Another one of my loves! Blooms constantly, but each bloom lasts only for one day. I saw this growing all over Cape Hatteras, N.C. a few weeks ago. It loves the sun and can tolerate salt and some drought, but can be invasive in warmer climates.


Fuchsia ‘Gartenmeister Bonstedt’
More heat tolerant than most other fuchsia varieties! A great hummingbird attracter that grows well in partial shade. This upright grower is perfect for containers!!


Streptocarpella saxorum
I absolutely cannot get enough of this plant. I grow it every year in a hanging basket. Perfect for shade/part-shade. I bring it inside for the winter – it makes a great house plant too!


Nicotiana alata
This flowering tobacco plant, given to me by a great friend, really did a number for my hummingbirds this year…and for me! It’s nocturnally fragrant and prefers full sun to part-shade. What a super performer!

There are many other great plants that hummingbirds love – these are just some of my favorites that I grew this year. Now I wanna hear about your flowering experiences with our feathered friends!!!

Aloha!

Some of you may have heard I recently went to Hawaii ~Kauai to be exact~ to visit my oldest and dearest friend (that’s us above!).  We have known each other since we were toddlers…and though we live thousands of miles apart, and have for many, many years, we still manage to stay in touch and pick right back up where we left off every time we see each other.  It was a great trip and perfect timing to get out of the polar vortex in Northern Virginia.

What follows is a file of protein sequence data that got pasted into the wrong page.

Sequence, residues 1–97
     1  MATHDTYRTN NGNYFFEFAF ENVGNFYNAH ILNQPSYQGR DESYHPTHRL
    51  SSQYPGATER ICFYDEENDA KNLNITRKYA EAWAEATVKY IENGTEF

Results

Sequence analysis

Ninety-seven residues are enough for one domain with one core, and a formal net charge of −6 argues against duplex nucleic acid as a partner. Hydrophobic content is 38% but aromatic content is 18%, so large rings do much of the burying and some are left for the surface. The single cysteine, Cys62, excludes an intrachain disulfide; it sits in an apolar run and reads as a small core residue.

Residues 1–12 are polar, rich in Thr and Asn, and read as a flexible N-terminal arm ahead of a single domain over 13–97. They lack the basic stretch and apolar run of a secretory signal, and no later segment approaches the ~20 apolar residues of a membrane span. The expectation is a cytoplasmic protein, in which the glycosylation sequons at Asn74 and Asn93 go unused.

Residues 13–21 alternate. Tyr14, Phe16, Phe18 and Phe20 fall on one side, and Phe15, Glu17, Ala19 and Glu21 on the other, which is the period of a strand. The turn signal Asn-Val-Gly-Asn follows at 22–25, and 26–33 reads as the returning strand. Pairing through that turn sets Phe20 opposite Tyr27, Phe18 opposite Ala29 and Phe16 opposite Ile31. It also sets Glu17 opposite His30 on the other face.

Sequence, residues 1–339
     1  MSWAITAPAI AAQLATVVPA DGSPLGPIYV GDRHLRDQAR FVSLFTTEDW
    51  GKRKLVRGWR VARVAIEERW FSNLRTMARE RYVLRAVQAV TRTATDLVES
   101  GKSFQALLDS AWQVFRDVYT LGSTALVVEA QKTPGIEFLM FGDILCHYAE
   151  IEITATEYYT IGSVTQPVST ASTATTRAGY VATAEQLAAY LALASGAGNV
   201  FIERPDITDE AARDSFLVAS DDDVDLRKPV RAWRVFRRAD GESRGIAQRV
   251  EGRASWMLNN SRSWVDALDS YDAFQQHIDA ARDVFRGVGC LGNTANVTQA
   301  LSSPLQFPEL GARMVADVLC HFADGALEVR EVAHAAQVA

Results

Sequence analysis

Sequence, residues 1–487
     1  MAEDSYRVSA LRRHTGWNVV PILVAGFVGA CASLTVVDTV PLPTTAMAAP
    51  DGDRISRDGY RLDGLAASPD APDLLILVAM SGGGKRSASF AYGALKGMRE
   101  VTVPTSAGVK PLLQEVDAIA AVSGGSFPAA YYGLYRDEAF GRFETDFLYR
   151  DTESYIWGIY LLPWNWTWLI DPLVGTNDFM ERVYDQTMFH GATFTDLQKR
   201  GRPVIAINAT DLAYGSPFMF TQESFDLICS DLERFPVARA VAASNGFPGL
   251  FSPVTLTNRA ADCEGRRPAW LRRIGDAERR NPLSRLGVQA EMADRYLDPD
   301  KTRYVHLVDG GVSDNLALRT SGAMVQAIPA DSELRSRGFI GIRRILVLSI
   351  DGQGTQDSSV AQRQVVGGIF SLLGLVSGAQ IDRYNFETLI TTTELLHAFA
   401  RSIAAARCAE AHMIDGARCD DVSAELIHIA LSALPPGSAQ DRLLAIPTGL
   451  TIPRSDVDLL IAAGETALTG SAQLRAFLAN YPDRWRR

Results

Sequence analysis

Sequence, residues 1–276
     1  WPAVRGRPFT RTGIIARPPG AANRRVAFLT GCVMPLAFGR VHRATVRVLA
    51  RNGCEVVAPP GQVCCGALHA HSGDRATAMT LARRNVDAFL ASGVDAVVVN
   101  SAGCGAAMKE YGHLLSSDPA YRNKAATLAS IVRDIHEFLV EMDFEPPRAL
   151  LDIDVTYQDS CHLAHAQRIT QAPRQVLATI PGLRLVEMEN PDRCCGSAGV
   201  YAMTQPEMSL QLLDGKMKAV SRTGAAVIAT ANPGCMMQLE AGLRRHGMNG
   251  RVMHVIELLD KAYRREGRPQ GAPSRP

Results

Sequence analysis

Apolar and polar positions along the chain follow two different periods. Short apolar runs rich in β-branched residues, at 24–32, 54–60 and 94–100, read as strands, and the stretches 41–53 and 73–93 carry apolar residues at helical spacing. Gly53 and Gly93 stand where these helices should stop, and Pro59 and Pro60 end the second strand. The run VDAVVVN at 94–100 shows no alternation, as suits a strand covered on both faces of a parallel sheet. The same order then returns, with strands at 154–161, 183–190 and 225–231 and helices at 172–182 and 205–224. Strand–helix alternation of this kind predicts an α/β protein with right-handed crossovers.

It was all fun times catching up, reminiscing, meeting her friends and co-workers on the island, hiking, beach hopping…and, oh, the PLANTS!!!!  Oh my goodness, the PLANTS!  I pretty much went crazy!!!  Well, yeah, crazy is probably the right word. I saw plants I know and love, plants I’d never heard of before, and plants I’ve only read about.  Coming home with over 2,000 pictures (I’d say at least half of them of plants) it’s hard for me to narrow down what to share with all of you.  But I did it (kind of – I still have a lot of pics here I just HAD to share)…

In this post I’m sharing plants I know–plants I grow every year, plants that I have currently in my “basement greenhouse”, and plants that I have grown in the past – all growing like crazy in Hawaii.  Some of these photos I took at the Botanical Gardens, some I took growing near the ocean, some in the mountains and other higher elevations and some I took in other inland locations.  It was truly amazing for me to see these guys growing big and beautiful outside year-round and how much bigger they can be when they have the chance to really mature year after year.  Check ’em out!